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Putin: Terrorism among causes considered for St. Petersburg Metro blast

All possible causes for the explosion in the St. Petersburg Metro are being considered, including those linked to terrorism, Russian President Vladimir Putin said.
The explosion happened between the Sennaya Ploshchad station and Tekhnologichesky Institut at around 2:40pm local time, Russia’s National Anti-Terrorism Committee said.

The blast was caused by an unidentified explosive device, officials announced, adding that all metro stations in St. Petersburg have been closed.

[Image: C8fH3ZeXYAEL1f6.jpg]
this is bad.

trying to destabilize probably the only authentic Christian nation on earth
western MSM go full conspirtiard, suggesting this may be a FALSE FLAG to distract form the fake anti-putin rallies.


MSM raise ‘false flag’ conspiracy following St. Petersburg Metro blast
People gather outside Sennaya Ploshchad metro station in St. Petersburg, Russia April 3, 2017 © Igor Russak / Reuters
Hours after an explosion ripped through a train car at a St. Petersburg Metro station, a number of Western mainstream media outlets claimed the suspected terrorist attack might have been a plot to distract Russians away from recent anti-government protests.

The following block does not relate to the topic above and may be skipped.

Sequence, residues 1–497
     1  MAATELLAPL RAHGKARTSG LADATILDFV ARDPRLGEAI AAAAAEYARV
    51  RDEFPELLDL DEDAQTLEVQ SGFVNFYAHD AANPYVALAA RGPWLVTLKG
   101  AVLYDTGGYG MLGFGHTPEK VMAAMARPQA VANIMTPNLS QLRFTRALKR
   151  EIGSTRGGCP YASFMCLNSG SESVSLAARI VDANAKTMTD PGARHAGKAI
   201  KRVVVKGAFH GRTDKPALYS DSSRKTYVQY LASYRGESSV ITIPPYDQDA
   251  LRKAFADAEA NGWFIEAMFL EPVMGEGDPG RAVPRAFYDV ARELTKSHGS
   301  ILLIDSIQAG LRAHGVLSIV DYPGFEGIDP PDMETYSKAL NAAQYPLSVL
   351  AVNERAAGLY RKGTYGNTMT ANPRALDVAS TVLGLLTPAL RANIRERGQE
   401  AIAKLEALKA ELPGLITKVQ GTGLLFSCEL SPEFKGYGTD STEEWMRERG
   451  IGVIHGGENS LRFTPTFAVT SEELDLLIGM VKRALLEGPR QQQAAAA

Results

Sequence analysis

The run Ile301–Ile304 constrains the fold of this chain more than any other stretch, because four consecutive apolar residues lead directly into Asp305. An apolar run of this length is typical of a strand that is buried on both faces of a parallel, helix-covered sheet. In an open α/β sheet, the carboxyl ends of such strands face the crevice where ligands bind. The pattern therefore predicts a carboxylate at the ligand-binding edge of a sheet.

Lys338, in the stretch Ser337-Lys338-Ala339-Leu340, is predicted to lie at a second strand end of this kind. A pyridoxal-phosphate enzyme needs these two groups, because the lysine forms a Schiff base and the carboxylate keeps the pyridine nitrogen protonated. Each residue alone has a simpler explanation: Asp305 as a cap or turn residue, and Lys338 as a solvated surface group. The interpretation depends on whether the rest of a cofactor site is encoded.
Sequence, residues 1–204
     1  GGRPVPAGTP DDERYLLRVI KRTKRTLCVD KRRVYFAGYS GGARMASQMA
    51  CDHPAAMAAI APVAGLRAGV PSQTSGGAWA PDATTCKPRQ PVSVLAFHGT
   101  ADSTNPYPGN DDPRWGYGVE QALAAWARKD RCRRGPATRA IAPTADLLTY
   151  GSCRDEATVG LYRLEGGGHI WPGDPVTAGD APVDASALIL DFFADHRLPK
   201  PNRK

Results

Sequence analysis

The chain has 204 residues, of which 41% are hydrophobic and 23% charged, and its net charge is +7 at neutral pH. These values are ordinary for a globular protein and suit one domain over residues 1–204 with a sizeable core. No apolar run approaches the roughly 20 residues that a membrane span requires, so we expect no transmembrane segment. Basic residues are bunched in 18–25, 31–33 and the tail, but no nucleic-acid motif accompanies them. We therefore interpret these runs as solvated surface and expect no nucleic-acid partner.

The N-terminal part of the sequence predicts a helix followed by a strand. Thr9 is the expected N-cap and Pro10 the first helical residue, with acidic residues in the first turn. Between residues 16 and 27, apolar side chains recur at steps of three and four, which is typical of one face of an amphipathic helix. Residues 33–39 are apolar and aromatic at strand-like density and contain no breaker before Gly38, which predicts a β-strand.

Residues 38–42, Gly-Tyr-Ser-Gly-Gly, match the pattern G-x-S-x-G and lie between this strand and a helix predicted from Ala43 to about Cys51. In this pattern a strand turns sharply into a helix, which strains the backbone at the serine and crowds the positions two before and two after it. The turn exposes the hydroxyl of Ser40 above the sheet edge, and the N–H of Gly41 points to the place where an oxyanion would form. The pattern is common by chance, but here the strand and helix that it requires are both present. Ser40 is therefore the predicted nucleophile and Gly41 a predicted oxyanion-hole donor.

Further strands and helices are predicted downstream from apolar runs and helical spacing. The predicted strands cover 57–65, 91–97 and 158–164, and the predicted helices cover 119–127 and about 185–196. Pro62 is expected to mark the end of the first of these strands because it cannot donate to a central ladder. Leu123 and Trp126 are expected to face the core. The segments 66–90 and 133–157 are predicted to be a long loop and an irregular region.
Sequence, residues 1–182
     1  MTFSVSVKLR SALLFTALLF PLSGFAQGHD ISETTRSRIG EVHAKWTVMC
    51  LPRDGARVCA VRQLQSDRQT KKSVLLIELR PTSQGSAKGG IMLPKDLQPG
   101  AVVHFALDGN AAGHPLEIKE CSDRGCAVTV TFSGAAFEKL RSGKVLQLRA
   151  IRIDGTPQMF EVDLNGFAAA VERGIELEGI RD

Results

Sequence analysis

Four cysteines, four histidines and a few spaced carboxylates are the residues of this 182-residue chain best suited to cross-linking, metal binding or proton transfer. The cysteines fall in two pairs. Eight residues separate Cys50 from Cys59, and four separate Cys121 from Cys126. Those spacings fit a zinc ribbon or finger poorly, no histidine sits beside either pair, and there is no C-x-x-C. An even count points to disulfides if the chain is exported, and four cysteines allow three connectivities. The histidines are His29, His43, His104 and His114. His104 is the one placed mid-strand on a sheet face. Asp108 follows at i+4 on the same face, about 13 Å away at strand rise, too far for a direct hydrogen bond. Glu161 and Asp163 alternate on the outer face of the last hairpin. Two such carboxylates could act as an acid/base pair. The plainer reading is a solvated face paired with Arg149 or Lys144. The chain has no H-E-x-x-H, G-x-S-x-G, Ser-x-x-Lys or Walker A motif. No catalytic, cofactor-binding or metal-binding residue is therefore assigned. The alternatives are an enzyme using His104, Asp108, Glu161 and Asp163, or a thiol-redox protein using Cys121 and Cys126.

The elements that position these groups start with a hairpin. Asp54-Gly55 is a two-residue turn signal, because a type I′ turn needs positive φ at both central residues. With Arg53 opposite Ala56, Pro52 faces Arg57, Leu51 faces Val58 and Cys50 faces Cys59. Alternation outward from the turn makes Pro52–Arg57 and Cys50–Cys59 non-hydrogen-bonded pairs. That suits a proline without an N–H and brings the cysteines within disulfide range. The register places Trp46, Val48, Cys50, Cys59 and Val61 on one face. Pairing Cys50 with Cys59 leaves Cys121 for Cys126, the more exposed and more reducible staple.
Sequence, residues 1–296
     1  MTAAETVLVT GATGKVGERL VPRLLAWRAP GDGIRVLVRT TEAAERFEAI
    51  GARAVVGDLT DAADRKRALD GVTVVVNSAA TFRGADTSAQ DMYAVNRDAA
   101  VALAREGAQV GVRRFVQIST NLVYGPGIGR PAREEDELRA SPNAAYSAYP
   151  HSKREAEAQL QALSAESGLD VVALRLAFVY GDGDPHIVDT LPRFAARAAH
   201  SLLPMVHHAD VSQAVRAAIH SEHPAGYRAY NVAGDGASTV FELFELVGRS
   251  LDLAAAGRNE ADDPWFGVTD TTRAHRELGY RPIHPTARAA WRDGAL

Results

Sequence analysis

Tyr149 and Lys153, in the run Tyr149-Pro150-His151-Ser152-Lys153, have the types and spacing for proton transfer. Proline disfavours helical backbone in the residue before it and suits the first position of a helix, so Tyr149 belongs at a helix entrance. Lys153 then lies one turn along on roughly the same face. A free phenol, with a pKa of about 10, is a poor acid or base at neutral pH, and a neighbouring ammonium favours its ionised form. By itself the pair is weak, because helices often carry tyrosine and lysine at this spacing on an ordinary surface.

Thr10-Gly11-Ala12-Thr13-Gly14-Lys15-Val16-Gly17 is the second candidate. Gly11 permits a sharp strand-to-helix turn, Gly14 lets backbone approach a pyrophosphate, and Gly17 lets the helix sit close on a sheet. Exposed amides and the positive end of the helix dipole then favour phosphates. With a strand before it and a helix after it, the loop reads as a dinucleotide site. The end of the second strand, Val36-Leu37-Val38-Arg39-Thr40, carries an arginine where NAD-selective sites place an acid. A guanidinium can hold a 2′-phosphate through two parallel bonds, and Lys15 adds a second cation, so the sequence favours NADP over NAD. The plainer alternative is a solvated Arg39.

With little details known in the aftermath of Monday’s explosion between Sennaya Ploshchad and the Tekhnologichesky Institut metro stations, the BBC suggested in its coverage that the explosion might be an attempt to distract from anti-corruption protests facing the Russian government.

Speaking on air, BBC Moscow correspondent Sarah Rainsford poured fuel on unfounded conspiracy theories when she referenced so called “quick commentary” from unnamed outlets within the “liberal media.”


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On March 26, a wave of opposition protests were witnessed across cities in Russia, including an 8,000 strong demonstration in Moscow.

Asked about the demonstrations, in which thousands of young people protested against Vladimir Putin’s government, Rainsford said: "Well, there's been political demonstrations against corruption and against Putin and his system, if you like. There has been some kind of very quick commentary on the liberal media that perhaps this is some kind of attempt to distract attention from the calls for a corruption investigation and calls for President Putin himself to step down. So that's been one reaction."

READ MORE: 11 killed, 45 injured in St. Petersburg Metro blast (GRAPHIC IMAGES)

While Rainsford did not mention where this quick commentary came from, Oliver Carroll, managing editor of The Moscow Times, then alluded to similar conspiracy theories on a BBC broadcast.

"There will be many theories, of course about conspiracy theories,” Carroll said. “We know that the bombings in 1999, which coincided with Putin's rise and his attempts to become president raise a number of concerns and suspicions. So I think that will be another working theory."

-rt.com
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